I’m new to OSX Server, so I’m looking for an easy method to accomplish this. I thought I might use Roundcube to add webmail, however there does not seem to be support for away messages. Another webmail client that is designed to work with Postfix and includes away message capability is Modoboa, but I am unsure if OSX Mountain Lion Server natively meets all the prerequisites.

    1. As of right now, there’s no way to get Out of Office replies on an Apple server from the client. I think it’s funny that it works in Lion and it works for Mountain Lion clients on Exchange servers but doesn’t work from a Mountain Lion client to a Mountain Lion Server right now…

    2. In our organisation, we recreate an Out Of Office experience through a web-based MANAGESIEVE client since the days of 10.4. This authenticates to the mail server as a mail admin user, and masquerading as the users logged in to the webservice. We then parse and output the sieve scripts, and upload using MANAGESIEVE.

      This does work very well, especially since Lion server’s upgrade allow date ranges, but setting this up to work across the different version of OS X mail server (migrating from Cyrus to Dovecot) and apple’s coming and going support of this feature has been trying, and in almost all version required going behind Apple’s admin tools and manually editing cyrus/dovecot configuration files. We also haven’t tried Mountain Lion server yet.

      Knowing the open source tools behind the setup is invaluable if you’re wanting to go this route.

      Dovecot is the IMAP server
      Sieve is the inbox processing scripting language
      MANAGESIEVE is the protocol to upload and remove the scripts.

      Armed with that, this (or similar) should be helpful to you:

  2. Hi

    Thank you for this great article…
    It would help me a lot if made an article about virtual mail hosting.. How you one user to receive mail on 1 domain. And the other users don’t receive on that domain…

  3. I’ve written some instructions on installing Roundcube and enabling the managesieve plugin to manage vacation out of office replies. See

    As with Lion, you need to add your email address to the list of additional recipients. Dovecot under Mountain Lion 10.8 OS X Server has sieve still enabled and it’s just a matter of matching the config for Roundcube and Managesieve. It works well with Postgres. I’ve found your articles on Lion really useful. It’s only taken a couple of weeks to get everything up and running nicely under ML.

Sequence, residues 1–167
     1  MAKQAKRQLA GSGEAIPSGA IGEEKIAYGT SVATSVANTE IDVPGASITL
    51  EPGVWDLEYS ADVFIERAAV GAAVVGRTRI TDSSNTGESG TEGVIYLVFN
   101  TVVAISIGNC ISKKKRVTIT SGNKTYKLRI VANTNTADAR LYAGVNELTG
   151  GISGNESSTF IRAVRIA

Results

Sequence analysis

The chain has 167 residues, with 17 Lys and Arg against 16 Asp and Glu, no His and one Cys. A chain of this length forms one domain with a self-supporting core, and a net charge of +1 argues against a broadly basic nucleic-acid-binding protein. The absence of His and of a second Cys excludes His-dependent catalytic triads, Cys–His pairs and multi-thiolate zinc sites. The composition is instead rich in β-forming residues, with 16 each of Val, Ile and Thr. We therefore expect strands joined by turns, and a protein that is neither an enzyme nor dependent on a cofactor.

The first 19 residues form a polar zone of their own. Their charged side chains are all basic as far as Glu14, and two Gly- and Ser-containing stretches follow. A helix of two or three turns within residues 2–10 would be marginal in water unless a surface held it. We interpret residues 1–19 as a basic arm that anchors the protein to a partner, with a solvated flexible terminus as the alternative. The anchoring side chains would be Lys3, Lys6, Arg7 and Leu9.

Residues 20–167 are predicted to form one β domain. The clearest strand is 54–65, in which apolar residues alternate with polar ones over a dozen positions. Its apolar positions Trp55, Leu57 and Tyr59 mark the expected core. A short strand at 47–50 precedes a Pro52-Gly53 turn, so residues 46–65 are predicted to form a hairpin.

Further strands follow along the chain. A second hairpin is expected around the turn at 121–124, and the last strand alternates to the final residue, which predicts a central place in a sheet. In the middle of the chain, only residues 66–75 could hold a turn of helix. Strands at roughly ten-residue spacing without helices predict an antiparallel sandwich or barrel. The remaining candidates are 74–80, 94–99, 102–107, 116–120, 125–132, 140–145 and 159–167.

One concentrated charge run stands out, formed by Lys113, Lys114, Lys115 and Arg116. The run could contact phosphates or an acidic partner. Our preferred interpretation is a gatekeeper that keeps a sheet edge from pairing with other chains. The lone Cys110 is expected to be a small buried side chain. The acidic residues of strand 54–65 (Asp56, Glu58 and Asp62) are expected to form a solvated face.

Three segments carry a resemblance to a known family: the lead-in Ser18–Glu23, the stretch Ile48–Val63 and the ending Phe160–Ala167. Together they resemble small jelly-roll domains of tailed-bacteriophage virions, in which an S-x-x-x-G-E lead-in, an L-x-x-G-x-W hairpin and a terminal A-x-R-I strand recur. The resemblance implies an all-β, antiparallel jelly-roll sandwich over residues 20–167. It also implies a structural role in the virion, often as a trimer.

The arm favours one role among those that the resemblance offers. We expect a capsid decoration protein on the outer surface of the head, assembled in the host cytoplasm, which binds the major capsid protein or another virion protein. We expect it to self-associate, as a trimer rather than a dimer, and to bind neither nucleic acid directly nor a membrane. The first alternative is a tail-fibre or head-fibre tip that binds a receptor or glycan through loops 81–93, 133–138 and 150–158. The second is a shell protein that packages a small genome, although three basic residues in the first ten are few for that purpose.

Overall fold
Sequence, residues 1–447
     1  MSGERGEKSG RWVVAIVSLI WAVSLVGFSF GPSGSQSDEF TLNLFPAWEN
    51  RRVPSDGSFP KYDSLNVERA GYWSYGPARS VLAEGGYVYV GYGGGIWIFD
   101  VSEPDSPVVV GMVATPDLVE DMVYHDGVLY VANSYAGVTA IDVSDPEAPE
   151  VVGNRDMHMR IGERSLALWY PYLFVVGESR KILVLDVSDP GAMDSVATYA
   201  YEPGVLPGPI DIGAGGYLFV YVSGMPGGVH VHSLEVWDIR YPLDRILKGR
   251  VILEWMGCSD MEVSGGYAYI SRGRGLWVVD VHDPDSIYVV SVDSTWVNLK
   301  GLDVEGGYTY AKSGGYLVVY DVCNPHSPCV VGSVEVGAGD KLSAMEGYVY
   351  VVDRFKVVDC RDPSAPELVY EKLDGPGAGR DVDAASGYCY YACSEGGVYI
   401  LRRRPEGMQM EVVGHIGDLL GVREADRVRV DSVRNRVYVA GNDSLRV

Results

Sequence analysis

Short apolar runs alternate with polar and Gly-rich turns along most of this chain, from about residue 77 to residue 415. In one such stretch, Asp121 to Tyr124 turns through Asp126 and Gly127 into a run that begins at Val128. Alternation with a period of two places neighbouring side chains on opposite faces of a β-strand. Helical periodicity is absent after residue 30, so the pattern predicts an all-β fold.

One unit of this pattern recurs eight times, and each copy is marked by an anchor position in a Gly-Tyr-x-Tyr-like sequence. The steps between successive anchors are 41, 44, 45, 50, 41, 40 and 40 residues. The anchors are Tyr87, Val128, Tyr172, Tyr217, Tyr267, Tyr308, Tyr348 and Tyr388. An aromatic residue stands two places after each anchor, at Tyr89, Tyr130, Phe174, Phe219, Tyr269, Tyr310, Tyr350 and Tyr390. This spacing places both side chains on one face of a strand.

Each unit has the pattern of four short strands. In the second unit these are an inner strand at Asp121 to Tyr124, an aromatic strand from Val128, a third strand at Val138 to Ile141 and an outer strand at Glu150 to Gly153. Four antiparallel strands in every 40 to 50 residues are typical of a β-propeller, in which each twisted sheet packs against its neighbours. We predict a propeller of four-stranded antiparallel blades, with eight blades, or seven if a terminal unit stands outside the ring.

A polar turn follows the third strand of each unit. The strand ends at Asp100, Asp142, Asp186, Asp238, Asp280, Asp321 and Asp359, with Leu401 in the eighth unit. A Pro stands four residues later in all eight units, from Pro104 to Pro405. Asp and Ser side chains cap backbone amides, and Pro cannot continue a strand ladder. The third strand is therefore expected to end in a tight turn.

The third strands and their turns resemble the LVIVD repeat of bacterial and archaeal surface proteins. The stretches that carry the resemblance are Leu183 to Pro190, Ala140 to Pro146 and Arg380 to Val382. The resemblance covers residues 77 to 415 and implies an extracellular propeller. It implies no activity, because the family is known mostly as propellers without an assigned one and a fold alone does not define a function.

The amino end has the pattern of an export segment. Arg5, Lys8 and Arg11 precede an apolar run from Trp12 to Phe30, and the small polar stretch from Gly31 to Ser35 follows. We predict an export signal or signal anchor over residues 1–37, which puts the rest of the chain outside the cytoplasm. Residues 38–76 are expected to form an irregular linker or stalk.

1. Thanks for the post, Gerry. That’s exactly what I needed. I’m going to attempt to follow your instructions on Roundcube/manageseieve this morning.

  4. Thank you for this great information – but the piece I’m really hungry to find is this: what file do I modify to configure SpamAssassin? I’ve got some rules that worked just fine under Lion Server, but in Mountain Lion Server I’m putting them in /Library/Server/Mail/Config/spamassassin/ and they don’t seem to have any effect.

  5. Charles,

    Thanks for maintaining this excellent blog! Two weeks into Mountain Lion Server, and I’ve found you to be the best source of information on the net. Please consider authoring a book on ML Server – I’d buy it up in a heartbeat. The information you’ve graciously shared here has left me hungry for more. I could really use an itemized explanation of every setting available from the command line.

    Thanks again!

    1. Thanks, BK. I’m currently updating the Lion Server book I wrote for O’Reilly to Mountain Lion Server, so hopefully that will be out soon!

  6. Awesome posts man, very helpful if you need to setup a new mountain lion server. I have found the info on the internet to be very limited at best.


  7. great article, i have enjoyed reviewing all of your OS X Server posts, they have helped me greatly!

    question: could you please give an example for how i would blacklist a domain?

  8. Charles, thanks again for this great site and your posts. One thing Im struggling with a bit is the loss of log file settings (debug, etc.) as a plan my migration. (I have a parallel issue where log files seem to be blank after the first turn over, but different concern.)

    How can I reliably dial up the log level from the command line by service?

  9. thx — should i not just use blacklist_from? i was just curious of the best (or recommended good practice) way for blocking anything from “”

  10. I would like to encrypt outgoing, relayed mail.

    It doesn’t seem to work. Granted, my relay host isn’t currently supporting MD5 (it probably should).

    Is the global Mountain Lion Mail Auth method keeping auth methods consistent across clients and mail server (relays)?

    Is there a way to specify the auth method for the relay via serveradmin or otherwise?

    Do we need to specify submission and or ssmtp ports along with the relay host? e.g.

  11. I have an issue with relaying mail through an ISP… That’s part of the reason that I’m running my own mail server. I’m very disappointed that Apple keeps removing configurable settings from the admin GUI, dropping the Server Admin Tools, and not updating their documentation!

    To get postfix to be able to send outgoing mail to external clients directly, instead of by relay through an ISP, you only have to add your local subnet, like, to the “mynetworks” parameter in the postfix “” config file.

    However, Apple has screwed this up to! Normally, you would expect to either use the “postconf -e” command, or editing the file /etc/postfix/ However, in Mtn Lion, Apple isn’t using the files in the default location, they are in /Library/Server/Mail/Config/postfix!

    You can either edit the file in that directory, or use the -c option to specify the config directory, like postconf -c /Library/Server/Mail/Config/postfix …